AC/DC, Apollo, Hammersmith, London

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The Independent Culture

This year's release of the long-awaited DVD of Led Zeppelin's live performances demonstrated just how expectations have changed over the past three decades. Seventies audiences flapped their arms like seals at every note of Jimmy Page's often excruciating solos, yet today's listeners instead revere Zep for the power and imagination of their rhythms.

Which is, I guess, a long-winded way of pointing out just why those perennials AC/DC have retained their appeal to this day. Though girlies may buy T-shirts overprinted with their timeless logo in Topshop, and weedy students are convinced that their weedy student bands are suddenly possessed by the God of Rock simply by sporting said items, the fact remains that no one, not even The Rolling Stones (who recently called in Australia's greatest musical export to bolster the bill on their German dates), can do what they do: that is, to attain a perfect level of simplicity that defies replication. Tonight is a special event, too. As the biggest-selling rock act ever - and proportionately probably the biggest-selling act to males full stop - AC/DC simply do not play venues this intimate, with a piffling, by their standards, 5,000 capacity.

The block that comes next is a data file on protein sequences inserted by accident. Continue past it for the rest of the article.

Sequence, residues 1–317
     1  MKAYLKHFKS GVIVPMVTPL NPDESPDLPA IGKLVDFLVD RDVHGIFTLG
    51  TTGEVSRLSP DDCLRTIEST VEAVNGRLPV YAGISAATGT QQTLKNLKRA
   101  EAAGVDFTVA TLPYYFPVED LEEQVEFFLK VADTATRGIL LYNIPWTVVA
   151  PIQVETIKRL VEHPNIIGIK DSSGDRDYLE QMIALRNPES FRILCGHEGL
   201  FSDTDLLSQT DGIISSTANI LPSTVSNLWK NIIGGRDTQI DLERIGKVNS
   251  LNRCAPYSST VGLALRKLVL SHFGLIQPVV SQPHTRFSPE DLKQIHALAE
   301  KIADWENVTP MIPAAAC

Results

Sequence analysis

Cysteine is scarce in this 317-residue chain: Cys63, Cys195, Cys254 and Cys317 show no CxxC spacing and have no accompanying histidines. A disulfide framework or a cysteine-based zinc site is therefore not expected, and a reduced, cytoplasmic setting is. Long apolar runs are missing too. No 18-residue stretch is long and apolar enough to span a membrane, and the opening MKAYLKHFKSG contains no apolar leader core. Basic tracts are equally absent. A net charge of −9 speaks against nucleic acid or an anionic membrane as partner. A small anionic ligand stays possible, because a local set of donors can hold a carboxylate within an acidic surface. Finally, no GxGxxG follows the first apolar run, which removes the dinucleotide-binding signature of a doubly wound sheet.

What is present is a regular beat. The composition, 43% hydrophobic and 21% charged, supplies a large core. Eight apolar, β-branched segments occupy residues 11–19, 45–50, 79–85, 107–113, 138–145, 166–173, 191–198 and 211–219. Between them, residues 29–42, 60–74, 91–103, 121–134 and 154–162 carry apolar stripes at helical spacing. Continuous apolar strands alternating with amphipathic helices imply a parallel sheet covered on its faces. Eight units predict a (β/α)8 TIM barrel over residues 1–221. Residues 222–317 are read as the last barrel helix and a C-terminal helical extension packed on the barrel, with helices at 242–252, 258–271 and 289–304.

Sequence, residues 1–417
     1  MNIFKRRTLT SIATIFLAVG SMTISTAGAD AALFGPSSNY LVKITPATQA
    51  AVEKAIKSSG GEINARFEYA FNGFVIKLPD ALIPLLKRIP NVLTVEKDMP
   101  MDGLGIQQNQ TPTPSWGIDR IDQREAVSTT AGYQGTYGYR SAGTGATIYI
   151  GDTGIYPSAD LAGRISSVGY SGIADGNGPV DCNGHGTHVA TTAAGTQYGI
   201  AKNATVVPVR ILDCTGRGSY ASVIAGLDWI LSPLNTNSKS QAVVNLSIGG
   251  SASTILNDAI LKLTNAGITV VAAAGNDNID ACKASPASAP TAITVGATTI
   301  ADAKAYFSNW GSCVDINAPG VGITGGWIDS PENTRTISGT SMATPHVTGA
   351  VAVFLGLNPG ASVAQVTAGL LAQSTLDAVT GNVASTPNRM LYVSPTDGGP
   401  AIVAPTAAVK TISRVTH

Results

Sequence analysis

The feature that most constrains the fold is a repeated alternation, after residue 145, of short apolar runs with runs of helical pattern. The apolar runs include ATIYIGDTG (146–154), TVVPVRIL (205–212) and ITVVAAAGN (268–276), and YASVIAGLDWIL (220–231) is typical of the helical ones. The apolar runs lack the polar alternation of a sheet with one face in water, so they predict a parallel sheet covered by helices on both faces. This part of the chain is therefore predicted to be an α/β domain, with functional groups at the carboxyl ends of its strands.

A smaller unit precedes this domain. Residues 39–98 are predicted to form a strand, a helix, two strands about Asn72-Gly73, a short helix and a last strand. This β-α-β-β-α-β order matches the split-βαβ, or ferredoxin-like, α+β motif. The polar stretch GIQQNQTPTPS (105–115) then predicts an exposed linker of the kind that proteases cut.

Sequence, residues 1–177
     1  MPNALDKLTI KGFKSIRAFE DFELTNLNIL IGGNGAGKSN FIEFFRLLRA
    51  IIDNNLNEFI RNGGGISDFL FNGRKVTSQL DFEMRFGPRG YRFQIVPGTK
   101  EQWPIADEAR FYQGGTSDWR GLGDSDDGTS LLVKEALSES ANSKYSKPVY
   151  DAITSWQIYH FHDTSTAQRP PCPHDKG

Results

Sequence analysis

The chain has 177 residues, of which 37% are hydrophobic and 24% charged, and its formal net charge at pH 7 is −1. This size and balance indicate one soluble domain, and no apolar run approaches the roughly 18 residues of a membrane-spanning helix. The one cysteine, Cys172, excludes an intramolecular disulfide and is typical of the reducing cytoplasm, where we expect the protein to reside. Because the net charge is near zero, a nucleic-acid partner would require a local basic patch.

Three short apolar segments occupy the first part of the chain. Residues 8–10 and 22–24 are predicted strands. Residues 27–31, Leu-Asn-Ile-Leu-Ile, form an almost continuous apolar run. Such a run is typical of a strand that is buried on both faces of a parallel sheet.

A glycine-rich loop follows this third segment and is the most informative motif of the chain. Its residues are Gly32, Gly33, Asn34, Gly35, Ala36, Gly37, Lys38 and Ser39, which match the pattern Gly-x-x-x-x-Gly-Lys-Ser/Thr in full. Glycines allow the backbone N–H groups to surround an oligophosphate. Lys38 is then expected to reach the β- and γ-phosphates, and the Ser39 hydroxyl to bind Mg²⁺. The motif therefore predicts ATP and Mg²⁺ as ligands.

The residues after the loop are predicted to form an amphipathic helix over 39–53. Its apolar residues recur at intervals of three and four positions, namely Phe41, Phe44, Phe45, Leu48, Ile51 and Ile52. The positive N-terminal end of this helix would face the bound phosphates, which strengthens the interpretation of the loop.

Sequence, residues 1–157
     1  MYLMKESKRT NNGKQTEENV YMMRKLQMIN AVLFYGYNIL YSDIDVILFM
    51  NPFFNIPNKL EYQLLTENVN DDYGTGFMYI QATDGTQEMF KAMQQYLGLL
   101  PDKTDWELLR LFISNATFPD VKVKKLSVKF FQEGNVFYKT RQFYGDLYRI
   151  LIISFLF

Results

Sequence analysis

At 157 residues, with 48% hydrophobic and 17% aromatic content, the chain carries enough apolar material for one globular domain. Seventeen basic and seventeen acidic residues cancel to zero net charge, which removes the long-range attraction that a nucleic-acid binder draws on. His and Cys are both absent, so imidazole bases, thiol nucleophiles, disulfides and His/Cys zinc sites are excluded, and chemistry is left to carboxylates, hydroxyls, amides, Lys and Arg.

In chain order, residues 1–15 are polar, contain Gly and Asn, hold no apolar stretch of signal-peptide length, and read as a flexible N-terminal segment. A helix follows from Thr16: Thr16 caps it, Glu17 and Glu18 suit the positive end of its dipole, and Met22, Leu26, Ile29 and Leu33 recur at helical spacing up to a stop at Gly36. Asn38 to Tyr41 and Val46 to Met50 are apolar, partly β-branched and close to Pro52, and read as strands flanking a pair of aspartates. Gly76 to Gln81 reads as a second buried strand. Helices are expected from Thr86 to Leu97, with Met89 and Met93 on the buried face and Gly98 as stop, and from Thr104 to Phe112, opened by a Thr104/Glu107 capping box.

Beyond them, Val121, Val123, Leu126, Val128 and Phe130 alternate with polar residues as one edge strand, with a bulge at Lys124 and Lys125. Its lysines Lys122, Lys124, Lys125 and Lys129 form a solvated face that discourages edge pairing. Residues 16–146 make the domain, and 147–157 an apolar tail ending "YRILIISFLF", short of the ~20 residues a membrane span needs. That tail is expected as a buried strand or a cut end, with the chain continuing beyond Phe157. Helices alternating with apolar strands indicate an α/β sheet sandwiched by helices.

Lyrically, they may be little more than a deafening seaside postcard, and certainly they've never been accused of capturing any cultural currents. But what a band they are! Tighter than any cliché you can summon up and, despite their reputation for fearsome volume, far more subtle than they are given credit for - their guitars are amplified rather than actively distorted - they are magnificent tonight. The set is, as always, a collection of greatest hits, but, denuded of stadium props such as the gangways on which the eternal schoolboy Angus Young usually sprints around, and lined up on a stark stage-set, the band seemed more focused than ever.

All AC/DC singles become crowd favourites eventually, which is why 1997's "Hard as a Rock" sits so comfortably next to a terrific "Rock'n'Roll Damnation". Material written by the late Bon Scott (and how many bands have ever replaced a front man without losing their way?) pays tribute to a man who died before most of the audience had even heard of him, yet there's nothing mawkish about it. Respect is, as ever, paid by everyone.

So what if AC/DC haven't changed their style in 25 years? No one has ever done it better, and, quite honestly, I can't imagine rock'n'roll finer than this evening's fantastic peaks of "If You Want Blood" and "You Shook Me All Night Long". AC/DC deserve to be recognised as a group to match any of music's most eulogised names, as this show proves. The sound is great in this lovely renovated venue (now stripped of its seats, and doubtless unlikely to remain quite so well preserved); the atmosphere, better. Best of all, no one present is having an ironic good time. Not even the legions of air guitarists.